Findings reveal that significant geographic, income, racial, and ethnic disparities persist, with obesity rates highest in the south and among Blacks, Latinos and lower-income, less-educated Americans. The report also found that more than one in ten children become obese as early as ages 2 to 5.

"Obesity in America is at a critical juncture. Obesity rates are unacceptably high, and the disparities in rates are profoundly troubling," according to Levi, PhD. "We need to intensify prevention efforts starting in early childhood, and do a better job of implementing effective policies and programs in all communities – so every American has the greatest opportunity to have a healthy weight and live a healthy life."

The State of Obesity report (formerly known as F as in Fat) is the 11th annual report produced by TFAH and RWJF.  

Health Organizations Call for Ban on Fat-Shaming Apps 

Smart Phone

The Obesity Action Coalition (OAC), along with other organizations including the Rudd Center, have issued formal letters to the leaders of Amazon.com, Apple Inc., Google Inc., and the Microsoft Corporation, calling on them to remove from their online app stores those applications that shame people who are overweight or obese and to strengthen their review process to ensure no further fat-shaming apps are approved for download.

Apps such as, “Fatify,” “Fatbooth,” and "Fat You” greatly perpetuate fat-shaming and weight bias, according to OAC.

"Along with serious medical conditions, such as diabetes, heart disease, sleep apnea, and more, obesity carries the burden of being the last acceptable form of discrimination in today’s society," assert the authors.

"You would never see an app target other diseases such as cancer, anorexia or HIV; therefore, obesity should be treated with the same consideration," according to Joe Nadglowski, OAC President and CEO.

In addition to distributing letters, OAC has created a petition to support the removal of these apps and stronger app approval guidelines.

Teens’ Neural Response to Food Commercials Predicts Future Weight Gain

Children and adolescents see thousands of food commercials each year, most of them for junk foods high in sugar, fat, and salt. Yet researchers know almost nothing about how food marketing impacts the brain, especially for teens. New research published in the journal Obesity suggests that food commercials "get under the skin" of teens by activating reward regions when they are viewing ads for milk shakes, or burgers, or colas. The bad news is that this can result in weight gain and obesity, assert the authors.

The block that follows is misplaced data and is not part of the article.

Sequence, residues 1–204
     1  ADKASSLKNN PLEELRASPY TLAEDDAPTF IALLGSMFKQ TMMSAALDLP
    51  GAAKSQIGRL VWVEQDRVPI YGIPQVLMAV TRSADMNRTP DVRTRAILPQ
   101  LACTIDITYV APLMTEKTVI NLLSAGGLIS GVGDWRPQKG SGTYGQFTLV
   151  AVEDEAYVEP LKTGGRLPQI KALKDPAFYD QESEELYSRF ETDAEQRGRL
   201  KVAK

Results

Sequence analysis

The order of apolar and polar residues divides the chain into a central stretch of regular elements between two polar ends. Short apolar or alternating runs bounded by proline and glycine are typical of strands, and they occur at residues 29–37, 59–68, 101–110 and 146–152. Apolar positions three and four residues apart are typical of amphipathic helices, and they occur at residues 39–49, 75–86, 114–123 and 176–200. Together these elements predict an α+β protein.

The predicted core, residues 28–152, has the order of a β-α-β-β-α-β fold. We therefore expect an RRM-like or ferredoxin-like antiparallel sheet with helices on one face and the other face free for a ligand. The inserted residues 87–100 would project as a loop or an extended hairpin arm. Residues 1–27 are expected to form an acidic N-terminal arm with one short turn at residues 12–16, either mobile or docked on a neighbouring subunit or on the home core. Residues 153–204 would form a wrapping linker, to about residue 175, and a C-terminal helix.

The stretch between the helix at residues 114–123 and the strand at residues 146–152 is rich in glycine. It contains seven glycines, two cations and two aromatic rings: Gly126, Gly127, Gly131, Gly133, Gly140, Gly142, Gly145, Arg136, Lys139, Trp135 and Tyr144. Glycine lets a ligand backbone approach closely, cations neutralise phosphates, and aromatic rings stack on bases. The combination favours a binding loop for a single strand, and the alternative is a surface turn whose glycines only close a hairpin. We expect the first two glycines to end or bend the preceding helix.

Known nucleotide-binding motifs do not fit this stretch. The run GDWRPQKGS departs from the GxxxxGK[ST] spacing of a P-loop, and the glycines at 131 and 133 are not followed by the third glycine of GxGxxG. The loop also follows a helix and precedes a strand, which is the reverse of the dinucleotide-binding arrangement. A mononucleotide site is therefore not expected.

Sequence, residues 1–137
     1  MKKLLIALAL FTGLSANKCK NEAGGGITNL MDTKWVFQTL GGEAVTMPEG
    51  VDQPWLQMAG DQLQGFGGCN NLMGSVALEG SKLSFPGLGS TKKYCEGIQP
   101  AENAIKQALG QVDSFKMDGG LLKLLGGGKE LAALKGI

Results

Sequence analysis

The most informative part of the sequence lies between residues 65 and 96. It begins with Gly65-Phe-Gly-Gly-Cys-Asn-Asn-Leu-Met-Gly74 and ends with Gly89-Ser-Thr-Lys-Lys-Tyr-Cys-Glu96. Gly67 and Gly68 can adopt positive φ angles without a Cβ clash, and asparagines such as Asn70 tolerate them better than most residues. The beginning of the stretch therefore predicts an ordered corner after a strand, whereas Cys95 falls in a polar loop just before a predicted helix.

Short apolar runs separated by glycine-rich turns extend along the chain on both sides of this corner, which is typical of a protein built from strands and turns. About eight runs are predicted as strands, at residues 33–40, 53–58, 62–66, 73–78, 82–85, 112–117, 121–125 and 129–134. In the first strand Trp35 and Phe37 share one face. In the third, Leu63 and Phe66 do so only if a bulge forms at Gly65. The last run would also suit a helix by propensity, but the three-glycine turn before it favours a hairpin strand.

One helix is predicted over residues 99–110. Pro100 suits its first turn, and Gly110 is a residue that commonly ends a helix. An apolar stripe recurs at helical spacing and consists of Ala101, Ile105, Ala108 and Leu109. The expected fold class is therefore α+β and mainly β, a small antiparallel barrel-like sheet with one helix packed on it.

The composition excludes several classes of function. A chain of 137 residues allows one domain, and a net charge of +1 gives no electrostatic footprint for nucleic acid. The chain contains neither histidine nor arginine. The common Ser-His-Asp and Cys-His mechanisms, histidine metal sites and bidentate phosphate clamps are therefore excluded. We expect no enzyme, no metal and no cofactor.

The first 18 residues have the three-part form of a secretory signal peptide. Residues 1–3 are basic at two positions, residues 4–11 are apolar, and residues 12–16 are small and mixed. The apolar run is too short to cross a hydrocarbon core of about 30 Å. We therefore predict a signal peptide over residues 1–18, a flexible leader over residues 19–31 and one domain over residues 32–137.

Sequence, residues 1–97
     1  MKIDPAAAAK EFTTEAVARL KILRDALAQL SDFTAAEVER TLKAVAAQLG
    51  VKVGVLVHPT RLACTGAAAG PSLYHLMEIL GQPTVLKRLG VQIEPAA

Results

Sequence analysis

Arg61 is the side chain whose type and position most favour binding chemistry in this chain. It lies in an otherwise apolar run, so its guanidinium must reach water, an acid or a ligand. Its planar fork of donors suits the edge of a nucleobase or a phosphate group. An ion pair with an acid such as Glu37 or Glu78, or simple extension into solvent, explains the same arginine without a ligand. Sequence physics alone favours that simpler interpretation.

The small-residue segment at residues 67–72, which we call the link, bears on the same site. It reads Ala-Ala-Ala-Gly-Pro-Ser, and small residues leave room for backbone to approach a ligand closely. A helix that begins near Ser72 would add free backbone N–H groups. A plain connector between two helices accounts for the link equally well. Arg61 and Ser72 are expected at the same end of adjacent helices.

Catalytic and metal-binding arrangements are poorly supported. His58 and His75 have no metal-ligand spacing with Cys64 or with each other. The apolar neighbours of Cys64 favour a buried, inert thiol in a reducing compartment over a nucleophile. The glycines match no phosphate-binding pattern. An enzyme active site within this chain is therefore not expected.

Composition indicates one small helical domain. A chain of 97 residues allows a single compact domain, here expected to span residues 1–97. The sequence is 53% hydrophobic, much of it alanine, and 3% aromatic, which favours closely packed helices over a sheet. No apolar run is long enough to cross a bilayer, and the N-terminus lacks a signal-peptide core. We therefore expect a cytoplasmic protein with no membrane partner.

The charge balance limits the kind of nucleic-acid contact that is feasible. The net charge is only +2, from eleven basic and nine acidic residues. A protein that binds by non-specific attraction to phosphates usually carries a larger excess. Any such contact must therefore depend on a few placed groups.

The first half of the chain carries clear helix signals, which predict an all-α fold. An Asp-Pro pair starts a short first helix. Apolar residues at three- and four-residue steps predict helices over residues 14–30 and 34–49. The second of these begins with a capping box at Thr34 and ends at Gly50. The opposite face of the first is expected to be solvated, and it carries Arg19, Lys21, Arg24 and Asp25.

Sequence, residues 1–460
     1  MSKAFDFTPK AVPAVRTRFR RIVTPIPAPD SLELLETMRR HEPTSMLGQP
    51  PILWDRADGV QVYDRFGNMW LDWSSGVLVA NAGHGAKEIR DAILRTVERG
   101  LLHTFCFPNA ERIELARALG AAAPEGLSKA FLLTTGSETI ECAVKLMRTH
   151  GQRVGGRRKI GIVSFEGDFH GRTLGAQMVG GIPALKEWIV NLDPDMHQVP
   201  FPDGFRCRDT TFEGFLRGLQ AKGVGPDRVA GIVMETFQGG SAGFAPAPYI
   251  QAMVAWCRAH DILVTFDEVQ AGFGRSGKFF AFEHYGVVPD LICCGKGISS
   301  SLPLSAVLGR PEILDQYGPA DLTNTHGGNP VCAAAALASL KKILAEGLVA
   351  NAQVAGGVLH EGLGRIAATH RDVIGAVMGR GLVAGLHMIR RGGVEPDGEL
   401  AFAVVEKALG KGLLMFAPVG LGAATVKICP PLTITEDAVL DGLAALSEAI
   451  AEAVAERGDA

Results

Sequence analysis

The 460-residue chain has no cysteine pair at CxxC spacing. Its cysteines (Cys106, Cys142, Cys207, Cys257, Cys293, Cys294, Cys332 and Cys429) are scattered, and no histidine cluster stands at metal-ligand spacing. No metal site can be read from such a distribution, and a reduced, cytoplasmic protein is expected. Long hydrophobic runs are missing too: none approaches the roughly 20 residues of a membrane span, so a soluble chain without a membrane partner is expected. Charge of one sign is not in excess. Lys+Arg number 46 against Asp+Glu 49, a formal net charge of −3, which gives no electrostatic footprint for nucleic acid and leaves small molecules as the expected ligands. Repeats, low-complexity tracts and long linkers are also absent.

In the first prospective longitudinal study to investigate neural response to unhealthy food commercials, Oregon Research Institute (ORI) scientists, in collaboration with colleagues from the University of Michigan, the Rudd Center for Food Policy & Obesity and Duke University, used functional Magnetic Resonance Imaging (fMRI) to scan the brains of 30 adolescents (14-17 years old) while they watched the television show "Mythbusters." The show included 20 food commercials and 20 non-food commercials that are frequently advertised to adolescents.

The researchers found that adolescents showing elevated responses to food commercials in reward regions gained more weight in one year compared to those with less activation in those brain regions. The magnitude of these effects is much larger than the effects of established risk factors for future weight gain, such as parental obesity.

Authors include Sonja Yokum, PhD, Associate Scientist, Oregon Research Institute; Ashley Gearhardt, PhD, Associate Professor, University of Michigan; Jennifer Harris, PhD, Rudd Center Director of Marketing Initiatives; Kelly Brownell, PhD, Dean, Sanford School of Public Policy, Duke University; and Eric Stice, PhD, Senior Research Scientist, Oregon Research Institute.

Food Day 2014

Food Day, a nationwide celebration and movement for healthy, affordable, and sustainable food, will be held on October 24, 2014. Justice throughout the food chain - from farm workers to child consumers - will be the focus of the fourth annual event, as will increasing Amercan's access to healthy food.

Conceived of by the Center for Science in the Public Interest in 2011, the annual Food Day aims to encourage Americans to change their diets and work toward changing our nation’s food policies. Thousands of events will be held throughout the country to bring American's together to celebrate real food.

Rudd Center Study Selected as Nutrition Society’s Paper of the Month 

The Rudd Center's Director of Economic Initiatives, Tatiana Andreyeva, PhD, recently published a paper in Public Health Nutrition which has been selected as the Nutrition Society’s Paper of the Month

The study, "Incentivizing fruit and vegetable purchases among participants in the Special Supplemental Nutrition Program for Women, Infants, and Children," found that efforts to increase consumption of fruits and vegetables among women and young children receiving food assistance are paying off.

Andreyeva’s study is the first to measure the success of the new fruit and vegetable benefits in incentivizing fruit and vegetable purchases among WIC participants.